Under the cynical title “Leopards live longer,” a reference to the German tanks of that name, the article provides an insight into the West’s military plans. NATO is to be transformed into an anti-Russian alliance and significantly expand its influence in Eastern Europe. Germany is playing a central role in this. Leading German politicians and military strategists are calling for a massive programme to rearm the army. “The debate cannot be stopped, and the arms industry senses an opportunity for good business,” according to Der Spiegel.

The article first investigates the fundamental policy decisions by the imperialist powers that are once again turning to open confrontation with Russia. Then it describes the consequences for Germany that will arise from this.

“The cooperation firmly established with Russia over the years was officially abandoned last week,” Der Spiegel states. “As a result, Moscow is no longer a partner, but an opponent. This determines the next step, even if it leads back to the past: how does military deterrence, a concept which has not been heard in Western Europe for so long, work in 2014?”

The authors consider tanks and military equipment, and determine that the “deterrence potential” of the German army has been sharply reduced in recent years through its transformation from a “defensive” into an “intervention force.”

“Prior to the fall of the Berlin Wall, deterrence was based on the potential destruction by nuclear weapons of differing ranges, and hundreds of thousands of soldiers with heavy equipment, mainly tanks,” the article notes. At that time, the German army alone “even during peacetime had around 495,000 men in uniform,” in addition to 4,100 Leopard tanks and almost 600 planes.

But since then, the military budget was “cut from 3 percent to 1.2 percent of gross domestic product. The German army has just 185,000 men, is to be cut further and is equipped more for rapid foreign interventions than for territorial defence.” Instead of “tank divisions and field guns at the Fulda Gap,” there are “paratroopers and helicopters for Kosovo, Afghanistan or a crisis country in Africa.”

The message, which is appearing with increasing frequency in the German media, is unmistakable: After years of reducing troop numbers and heavy military equipment, it is now time to rearm!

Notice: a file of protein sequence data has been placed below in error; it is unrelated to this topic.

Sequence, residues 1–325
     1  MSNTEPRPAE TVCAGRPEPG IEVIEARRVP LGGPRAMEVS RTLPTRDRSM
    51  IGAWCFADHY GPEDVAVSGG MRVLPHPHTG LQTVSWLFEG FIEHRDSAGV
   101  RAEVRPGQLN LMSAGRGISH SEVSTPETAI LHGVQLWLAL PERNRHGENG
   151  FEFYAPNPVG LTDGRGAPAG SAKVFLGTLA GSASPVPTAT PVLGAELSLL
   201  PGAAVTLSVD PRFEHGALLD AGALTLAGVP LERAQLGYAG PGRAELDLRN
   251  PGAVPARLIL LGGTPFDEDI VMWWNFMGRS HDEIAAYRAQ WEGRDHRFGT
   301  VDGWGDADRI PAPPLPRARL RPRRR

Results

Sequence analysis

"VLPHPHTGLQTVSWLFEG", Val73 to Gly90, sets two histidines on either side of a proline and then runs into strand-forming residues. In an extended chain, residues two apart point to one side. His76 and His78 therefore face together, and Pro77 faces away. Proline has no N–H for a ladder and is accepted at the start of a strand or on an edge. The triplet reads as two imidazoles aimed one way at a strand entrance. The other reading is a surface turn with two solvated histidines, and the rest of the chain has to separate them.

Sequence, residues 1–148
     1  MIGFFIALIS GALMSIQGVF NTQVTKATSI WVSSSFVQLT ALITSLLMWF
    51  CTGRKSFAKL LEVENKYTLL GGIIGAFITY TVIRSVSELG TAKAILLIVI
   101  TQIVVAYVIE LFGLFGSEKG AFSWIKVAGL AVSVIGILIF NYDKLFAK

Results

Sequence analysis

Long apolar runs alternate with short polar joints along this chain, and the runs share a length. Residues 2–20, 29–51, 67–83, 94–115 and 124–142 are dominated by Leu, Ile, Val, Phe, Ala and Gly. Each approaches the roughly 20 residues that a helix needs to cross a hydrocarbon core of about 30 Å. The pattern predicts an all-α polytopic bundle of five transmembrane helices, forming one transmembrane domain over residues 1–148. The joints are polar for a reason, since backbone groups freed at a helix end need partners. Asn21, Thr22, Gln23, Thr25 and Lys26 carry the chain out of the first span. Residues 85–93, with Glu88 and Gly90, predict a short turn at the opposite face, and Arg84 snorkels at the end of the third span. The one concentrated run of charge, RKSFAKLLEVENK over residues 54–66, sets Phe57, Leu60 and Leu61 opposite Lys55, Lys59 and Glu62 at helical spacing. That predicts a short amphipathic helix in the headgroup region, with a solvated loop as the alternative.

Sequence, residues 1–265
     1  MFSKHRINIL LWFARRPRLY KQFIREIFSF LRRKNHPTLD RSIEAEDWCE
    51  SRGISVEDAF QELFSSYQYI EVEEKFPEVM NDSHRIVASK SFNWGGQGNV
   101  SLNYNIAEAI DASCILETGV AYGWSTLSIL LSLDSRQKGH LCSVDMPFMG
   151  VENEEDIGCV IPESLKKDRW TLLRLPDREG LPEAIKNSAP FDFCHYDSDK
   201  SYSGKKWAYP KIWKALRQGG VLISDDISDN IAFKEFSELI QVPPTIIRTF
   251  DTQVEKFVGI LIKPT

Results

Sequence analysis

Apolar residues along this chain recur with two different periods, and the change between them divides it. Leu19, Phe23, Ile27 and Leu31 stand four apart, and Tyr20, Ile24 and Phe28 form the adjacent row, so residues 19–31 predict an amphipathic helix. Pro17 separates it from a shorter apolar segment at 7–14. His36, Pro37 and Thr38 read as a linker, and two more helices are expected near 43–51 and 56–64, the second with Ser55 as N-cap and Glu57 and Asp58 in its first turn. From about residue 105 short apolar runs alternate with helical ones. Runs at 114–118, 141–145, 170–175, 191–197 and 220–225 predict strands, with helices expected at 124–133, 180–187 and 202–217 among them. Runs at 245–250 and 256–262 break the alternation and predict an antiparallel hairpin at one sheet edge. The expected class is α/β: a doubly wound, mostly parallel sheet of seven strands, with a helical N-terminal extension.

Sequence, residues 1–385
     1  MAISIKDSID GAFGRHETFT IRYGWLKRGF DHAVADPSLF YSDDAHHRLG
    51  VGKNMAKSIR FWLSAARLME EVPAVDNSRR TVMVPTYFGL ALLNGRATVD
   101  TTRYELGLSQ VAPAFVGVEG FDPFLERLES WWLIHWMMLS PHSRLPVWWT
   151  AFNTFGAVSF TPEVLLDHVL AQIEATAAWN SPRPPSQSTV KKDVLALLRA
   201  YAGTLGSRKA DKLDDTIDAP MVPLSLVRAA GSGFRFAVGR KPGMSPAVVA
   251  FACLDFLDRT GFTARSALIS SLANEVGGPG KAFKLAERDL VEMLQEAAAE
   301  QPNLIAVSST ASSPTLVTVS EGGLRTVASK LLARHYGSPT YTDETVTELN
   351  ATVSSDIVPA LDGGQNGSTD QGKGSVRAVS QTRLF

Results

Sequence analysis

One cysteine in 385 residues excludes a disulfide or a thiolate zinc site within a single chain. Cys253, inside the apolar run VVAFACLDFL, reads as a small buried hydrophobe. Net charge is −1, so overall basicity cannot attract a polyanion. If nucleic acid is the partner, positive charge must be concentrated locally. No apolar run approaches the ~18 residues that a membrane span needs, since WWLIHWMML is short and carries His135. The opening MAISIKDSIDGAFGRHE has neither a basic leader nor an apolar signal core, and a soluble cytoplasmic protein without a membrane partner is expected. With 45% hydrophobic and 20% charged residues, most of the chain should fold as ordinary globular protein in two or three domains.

Der Spiegel cited the head of the Kiel-based Institute for Security Policy, Joachim Krause, who stated, “Defence policy has focused on peace missions under relatively favourable conditions. The current crisis has made it painfully clear that this was perhaps too one-sided and naïve. Therefore the defence ministry has to fundamentally reconsider its purchasing plans.”

Social Democrat (SPD) defence policy spokesman Rainer Arnold struck a similar tone, saying, “We have to consider whether the uncontrolled reduction of our tank fleet within NATO was correct. In Europe, we need to jointly develop drones as quickly as possible. The decision about the ‘Euro-hawk’ drone should also be reconsidered.” This was in reference to a German government-sponsored project to develop drones, which was abandoned last year.

According to Der Spiegel, the defence ministry is already working on the build-up of NATO in Eastern Europe. Defence minister Von der Leyen ordered “top generals to review what further support can be provided through the alliance for the eastern member states.” It appears as though they “will propose joint military exercises with the Polish and Baltic armies,” the countries that are the strongest advocates of an aggressive role for NATO in Eastern Europe. Just last Tuesday, Polish foreign minister Radoslav Sikorski called for the stationing of two NATO brigades (around 10,000 soldiers) in Poland.

Der Spiegel reported on NATO plans that would effectively be a declaration of war against Russia. “Important military sources in NATO are appealing internally for an increased readiness of western land and air combat forces. Currently it would take 180 days for the vast majority to mobilise and be ready to intervene. This timescale is to be reduced. This will have an impact on at least 10,000 German army soldiers. In addition, according to the military sources, tank divisions were to be strengthened and munitions dumps replenished. It would be the comeback of the German ‘leopard’ tank.”

At the same time, Der Spiegel sought to portray German politicians as being forced to act by events rather than driving them. German foreign minister Frank-Walter Steinmeier understood Germany’s policy on Ukraine as “pure diplomacy” and advocated a “course of de-escalation.” The defence minister was opposed to sending heavy military equipment and permanent troops to Eastern Europe. The German government viewed the NATO strategy with “extreme scepticism and would prefer to ignore the issue.”